Devoted followers of Christ hate when they sin. It’s maddening. We don’t understand why we continue to do things we know are not honoring to God (Romans 7:15). If you’re like me, you may have often pondered why we sin in the first place. It seems logical our love and devotion to God would keep us close to Him and far away from sin. It would be that simple if we did not have an enemy who was constantly seeking to trip us up and eventually destroy us (1 Peter 5:8).
While we can’t blame Satan for our failures, we can blame him for planting the seeds of those failures. Ultimately though, the reason why we sin is because we choose to take our eyes off Jesus.
I think one of the biggest mistakes most Christians make is thinking Satan takes time off from looking for ways to throw us off course. The problem is we often fail to match the intensity of the enemy’s attack. We don’t spend every waking hour serving God and looking for ways to advance His Kingdom. The devil and his demons are on mission every moment in time, so every minute we take away from the battle is a huge opportunity for Satan.
This is why the enemy works so hard to sidetrack us. Satan tries to distract us with material possessions, social and economic status, and selfish lusts. But I think the most insidious distraction is the one telling us we deserve a break or some time for ourselves. He distracts us from our mission by convincing us we deserve just a few hours to check out from the world and relax. This tactic is the subtlest and can lead to a host of other distractions and temptations because we rarely see it coming.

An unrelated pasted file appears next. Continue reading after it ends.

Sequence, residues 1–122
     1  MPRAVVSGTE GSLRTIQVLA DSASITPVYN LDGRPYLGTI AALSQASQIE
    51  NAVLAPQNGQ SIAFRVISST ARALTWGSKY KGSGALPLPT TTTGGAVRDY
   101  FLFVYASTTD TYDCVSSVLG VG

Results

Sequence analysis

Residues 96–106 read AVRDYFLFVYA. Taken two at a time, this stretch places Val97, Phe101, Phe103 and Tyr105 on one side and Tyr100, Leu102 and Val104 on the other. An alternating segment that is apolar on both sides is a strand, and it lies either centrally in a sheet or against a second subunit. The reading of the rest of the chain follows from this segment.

The moment you take your eyes off Jesus, Satan is waiting to pounce. I’ve written before about there being “No Days Off” for followers of Jesus, and while it evoked some strong responses, I stand by it. There is a healthy recharging time necessary for all people; it was so important God built it into the rhythm of our souls (Genesis 2:2-3; Exodus 20:8-11). But if our recharging time is not focused on nurturing our relationship with Christ, then it is most likely self-centered and a dangerous distraction in and of itself.
Why we sin comes down to a matter of focus. When our eyes are on Jesus, we won’t sin. I think it would be close to impossible to do so. As soon as we get distracted and take our eyes off Him, we begin acting selfishly. In that moment of pride, we sin and allow the enemy to take some ground in our lives. No one but Jesus will ever live a sinless life, but we can certainly minimize the amount of sin in which we engage. It’s as simple as refusing to take our eyes off the One who loves us most. We know why we sin. This is not a complex problem. By the grace of God, sin is easily defeated. We simply must want it more than we want our own selfish desires.